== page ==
Has AI found its niche or is it constrained by current limitations?

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When Artificial Intelligence (AI) is discussed in the news there tends to be an inherent mistrust of what it is and what it represents. This may be down to our understanding of what AI can do for us, how it could have a positive impact or the belief amongst some that the “rise of the machines” will lead to job losses.

AI in the simplest terms is the creation of “general intelligence” found within humans, fundamentally imagination and memory, without the constraints of traditional thinking or emotions. In the latest report written by the Capgemini Research Institute, the use of AI is explored in manufacturing operations. Many organisations have embarked on the journey towards using AI to drive cost reduction by enhancing quality and improving productivity, but is it delivering full potential?

According to our report, Europe is leading in the implementation of AI in manufacturing with over half of the organisations interviewed for this report having implemented AI solutions. However, AI is not being exploited to its full potential yet. Although there is the ability to apply AI across the breadth of manufacturing operations, initially the same few use cases are being used across industries – quality inspection, predictive maintenance and demand forecast and planning. It is easy to see the logic of how AI lends itself to these areas, but the big question is what next? Can the benefits of AI be delivered at scale beyond these areas? Or has AI found its niche in manufacturing?

In order to get the best out of AI, there are three key consideration points. Firstly, identify a killer application to fit with your industry, clients’ needs and strategy. Secondly, create a clear business case for the solution. A lot of solutions fail before rollout as they fail to prove the value. Finally, data, this is one of the most important components. A robust data strategy is required to support the business case. The challenge sometimes is that there’s not enough data available for machine learning. However, it’s not just tackling the technical challenge, it’s how to overcome the people and cultural change required.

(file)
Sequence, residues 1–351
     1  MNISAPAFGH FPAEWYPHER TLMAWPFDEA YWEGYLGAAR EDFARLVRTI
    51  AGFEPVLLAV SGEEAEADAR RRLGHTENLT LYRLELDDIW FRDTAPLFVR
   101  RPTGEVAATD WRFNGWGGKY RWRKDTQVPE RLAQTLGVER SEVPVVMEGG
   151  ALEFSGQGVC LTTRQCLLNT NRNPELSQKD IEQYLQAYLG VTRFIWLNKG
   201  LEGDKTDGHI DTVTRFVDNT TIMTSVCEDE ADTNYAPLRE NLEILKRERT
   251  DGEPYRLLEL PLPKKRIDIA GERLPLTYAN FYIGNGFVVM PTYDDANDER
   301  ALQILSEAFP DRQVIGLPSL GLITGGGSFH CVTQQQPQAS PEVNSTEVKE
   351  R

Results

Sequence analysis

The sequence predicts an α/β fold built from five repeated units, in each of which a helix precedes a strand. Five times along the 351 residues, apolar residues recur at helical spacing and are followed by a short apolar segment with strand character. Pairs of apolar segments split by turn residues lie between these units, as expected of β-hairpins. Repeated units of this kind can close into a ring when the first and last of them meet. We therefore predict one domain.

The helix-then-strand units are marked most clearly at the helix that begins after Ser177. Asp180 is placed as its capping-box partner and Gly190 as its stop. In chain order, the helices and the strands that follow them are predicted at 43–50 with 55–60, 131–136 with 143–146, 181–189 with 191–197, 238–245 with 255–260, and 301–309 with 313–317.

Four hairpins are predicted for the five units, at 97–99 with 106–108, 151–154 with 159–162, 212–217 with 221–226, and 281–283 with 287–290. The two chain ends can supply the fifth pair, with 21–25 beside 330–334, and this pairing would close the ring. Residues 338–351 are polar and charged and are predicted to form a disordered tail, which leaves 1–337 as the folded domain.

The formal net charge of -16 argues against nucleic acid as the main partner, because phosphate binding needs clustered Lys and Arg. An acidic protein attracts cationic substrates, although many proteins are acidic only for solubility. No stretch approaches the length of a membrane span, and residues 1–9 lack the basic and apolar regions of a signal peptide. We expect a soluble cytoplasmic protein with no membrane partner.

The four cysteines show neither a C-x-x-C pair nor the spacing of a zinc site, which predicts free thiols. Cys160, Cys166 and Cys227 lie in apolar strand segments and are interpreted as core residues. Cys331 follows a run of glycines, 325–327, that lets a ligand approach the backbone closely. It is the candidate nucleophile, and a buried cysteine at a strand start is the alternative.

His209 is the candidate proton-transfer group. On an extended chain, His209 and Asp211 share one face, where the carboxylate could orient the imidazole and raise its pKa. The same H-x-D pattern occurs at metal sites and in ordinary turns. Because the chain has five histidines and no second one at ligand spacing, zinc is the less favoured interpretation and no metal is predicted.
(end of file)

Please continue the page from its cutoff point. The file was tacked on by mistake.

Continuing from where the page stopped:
The report shares how Airbus is using AI to realise benefits across its manufacturing operations, but also highlights how some of the key challenges for scaling AI are linked to trust. The big question is how to support humans to trust the insights provided by AI when the results cannot always be explained due to the “black box” nature of AI. A recent Nigel Thomas’ blog on Smart Factories and Industry 4.0 explored the topic of “who is designing the role of the digital me?”. Embarking on an AI journey means you have to allow for “self-learning” time. As AI “self teaches” itself and learns, the accuracy and levels of insight mature. As humans we are good at making decisions. We (humans) may not always feel there is time to wait for AI to evolve, leading to the desire to return back to previous approaches.

The adoption of AI at scale is still rare. Whilst the business case for AI is clear – improved quality, cost reduction and the associated sustainability impact of reducing resource consumption, there are several critical success factors required to take AI beyond the pilots and proof of concept stage. Of all of these, one of the biggest issues to overcome is the role of the human. Until organisations tackle this, it will remain one of the key limiting factors.

Find out more about AI in Manufacturing Operations from our research report and infographic.


Claire Wallin

Claire Wallin is leading Aerospace and Defence projects in Capgemini Invent. Claire has extensive experience in Defence supply chain and transformation programmes. Her passion lies in operational management and transformation where she can apply her restructuring experience and the expertise gained whilst working in the automotive sector.

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